Route 66 Trip – Day 2

Day 2 on the road brought more rain, more photo ops and good food. The four of us love Guy Fieri’s Diners, Dives and Drive-In’s, and luckily, Route 66 is dotted with places he recommends.

We started our day at Charlie Parker’s in Springfield,IL for breakfast. Randy and Mike both ordered The Breakfast Shoe – full of eggs and hash browns and bacon – and they split their meals with Cathy and me. Pretty yum. Triple D never steers us wrong.

From there, we made a visit to the Abraham Lincoln Presidential Library. It comes as no surprise that this is one of the best Civil War libraries in the country, and I’ll have to remember that for future book research.

Driving through Mitchell,IL, Cathy read us a little tidbit about the Luna Cafe from one of our guidebooks. Frequented by Al Capone, the story goes that when the maraschino cherry in the martini glass of the sign was lit, there were “ladies” ready to make the evening more enjoyable…

Mike liked the “TV” sign at a very decrepit – but still in business – nearby no tell motel…

A kitschy roadside store with outdoor and indoor sculptures was our next stop, in Pacific, MO.

Cuba, MO brought a lot of pretty wall murals, a bakery that had no bakery (much to our dismay), an old gas station that was repurposed into a very cool restaurant – The Fourway (at a busy four way intersection), and a very cute stone cottage motel – The Wagon Wheel – that is still in operation. Unfortunately, it was too early for us to camp out for the night, so we didn’t stay there.

Our second Guy Fieri meal of the day was at Wilder’s Restaurant in Joplin – steak that was so good!

And we lucked out and found a true Route 66 vintage motel for the night – all of the rooms were restored to 1949. No TVs in the room – but neat old radios to lull us to sleep…

Route 66 Trip – Day 1

After a year of planning, our Route 66 trip is underway. Long a bucket-list trip for our friend Mike, we invested in lots of books and maps for the historic route, and Mike gladly spent lots of time plotting out the best attractions, what towns not to miss, etc. Randy and Mike are both 66 this year, so it’s the right year to make the trip. Cathy and I are just along as eye candy…

We decided to rent a car in Chicago, where Route 66 begins. We hoped to rent a vintage car, but that proved to be a challenge (and really, what vintage car could drive 2000+ miles and through the desert without breaking down?). So a 2019 Nissan Pathfinder it is! Mike was disappointed, so Randy and I bought him some vintage car tchotchkes to hang from the rear view mirror to help with the atmosphere…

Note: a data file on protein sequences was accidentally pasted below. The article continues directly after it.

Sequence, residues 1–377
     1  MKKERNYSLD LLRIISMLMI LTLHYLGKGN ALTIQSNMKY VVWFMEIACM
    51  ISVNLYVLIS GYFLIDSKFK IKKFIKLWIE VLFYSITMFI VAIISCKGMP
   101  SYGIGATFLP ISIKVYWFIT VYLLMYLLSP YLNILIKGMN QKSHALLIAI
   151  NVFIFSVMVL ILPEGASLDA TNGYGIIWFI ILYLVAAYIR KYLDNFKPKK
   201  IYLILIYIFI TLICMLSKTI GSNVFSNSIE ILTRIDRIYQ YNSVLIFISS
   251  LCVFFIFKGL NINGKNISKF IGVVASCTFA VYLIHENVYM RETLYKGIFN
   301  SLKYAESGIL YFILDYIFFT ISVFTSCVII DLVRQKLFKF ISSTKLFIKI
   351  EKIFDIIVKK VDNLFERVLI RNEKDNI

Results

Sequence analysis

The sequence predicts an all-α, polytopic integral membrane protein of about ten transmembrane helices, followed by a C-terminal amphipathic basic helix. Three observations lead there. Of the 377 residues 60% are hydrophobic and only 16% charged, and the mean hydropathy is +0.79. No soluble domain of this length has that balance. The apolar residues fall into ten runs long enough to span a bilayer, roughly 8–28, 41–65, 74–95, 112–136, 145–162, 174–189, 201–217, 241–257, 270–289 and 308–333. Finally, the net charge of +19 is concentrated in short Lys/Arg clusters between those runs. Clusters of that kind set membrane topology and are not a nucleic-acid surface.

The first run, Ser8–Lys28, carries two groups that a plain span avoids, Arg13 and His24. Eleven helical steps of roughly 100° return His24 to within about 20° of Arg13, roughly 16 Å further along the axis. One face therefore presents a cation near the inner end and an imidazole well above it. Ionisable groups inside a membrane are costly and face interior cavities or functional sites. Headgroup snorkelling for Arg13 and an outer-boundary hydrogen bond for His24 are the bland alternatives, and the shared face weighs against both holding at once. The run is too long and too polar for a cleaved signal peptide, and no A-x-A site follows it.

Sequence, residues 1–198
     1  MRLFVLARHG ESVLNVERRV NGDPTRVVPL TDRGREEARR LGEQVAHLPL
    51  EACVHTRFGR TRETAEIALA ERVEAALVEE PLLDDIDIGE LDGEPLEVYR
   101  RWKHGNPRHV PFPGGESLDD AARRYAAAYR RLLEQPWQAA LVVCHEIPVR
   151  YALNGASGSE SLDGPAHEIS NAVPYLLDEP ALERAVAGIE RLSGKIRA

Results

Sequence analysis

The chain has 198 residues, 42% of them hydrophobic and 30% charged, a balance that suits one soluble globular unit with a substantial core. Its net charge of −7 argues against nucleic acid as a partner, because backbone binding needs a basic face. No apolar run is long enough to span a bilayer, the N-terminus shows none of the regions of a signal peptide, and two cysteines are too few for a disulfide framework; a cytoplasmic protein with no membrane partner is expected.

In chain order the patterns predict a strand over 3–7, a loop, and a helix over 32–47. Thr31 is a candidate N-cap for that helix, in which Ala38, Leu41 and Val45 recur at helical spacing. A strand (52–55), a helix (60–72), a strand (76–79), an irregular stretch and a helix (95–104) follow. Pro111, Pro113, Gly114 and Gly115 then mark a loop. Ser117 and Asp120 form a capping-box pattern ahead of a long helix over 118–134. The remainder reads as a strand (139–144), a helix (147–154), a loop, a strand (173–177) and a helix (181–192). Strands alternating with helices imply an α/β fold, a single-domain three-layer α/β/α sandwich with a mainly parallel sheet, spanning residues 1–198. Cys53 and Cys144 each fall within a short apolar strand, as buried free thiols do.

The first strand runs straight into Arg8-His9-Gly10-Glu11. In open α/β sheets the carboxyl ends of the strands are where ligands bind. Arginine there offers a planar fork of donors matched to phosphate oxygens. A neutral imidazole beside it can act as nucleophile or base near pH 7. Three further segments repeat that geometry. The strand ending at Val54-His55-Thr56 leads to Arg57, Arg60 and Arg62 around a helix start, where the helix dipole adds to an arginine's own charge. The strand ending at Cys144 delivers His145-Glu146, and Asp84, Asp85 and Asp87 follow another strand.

After we picked up our Pathfinder and parked our personal car at a long-term lot, we were off to our first of a string of Diners, Drive-In’s and Dives restaurants – this one was Big & Little’s in downtown Chicago. Delicious.

After fueling up, it was time to find the OFFICIAL START of Route 66 in downtown Chicago.

As we drove along 66 out of Chicago (aka I-55?) we saw a sign for the Abraham Lincoln National Cemetery. Could HE be buried there? Of course we know he is not buried there. But…we veered off the road anyway and found a beautiful Veteran’s Cemetery.

Next stop was Wilmington, IL – home of the Gemeni Giant (aka Rocket Man – cue Elton John…). We stopped in at The Launching Pad and had some ice cream and Cathy and I each bought a 2020 Route 66 calendar so we can relive the trip every month next year!

Down the road, we saw a beautifully restored Rambler’s Texaco in Dwight, IL (not currently in operation though).

Continuing our Route 66 journey, we came across a restored Standard Station in Odell – this one was open and served as a tourist and trinket shop for Route 66 fans. We also seemed to be stopping at the same places as a large group of French-speaking (France? Quebec Province?) motorcycle-riding couples were enjoying their own Route 66 trip.

Pontiac, IL is known as Mural City, and they had some really cool murals that we loved – also a huge Route 66 mural with a staging pad in front of it so you could park your car (or just stand there) for a photo op. Some people there ahead of us had vintage 1940’s pickup trucks and their photo op was awesome. But EVERYONE was in awe when we pulled in our Nissan Pathfinder for our photo op. Jealousy is SO unattractive, people…!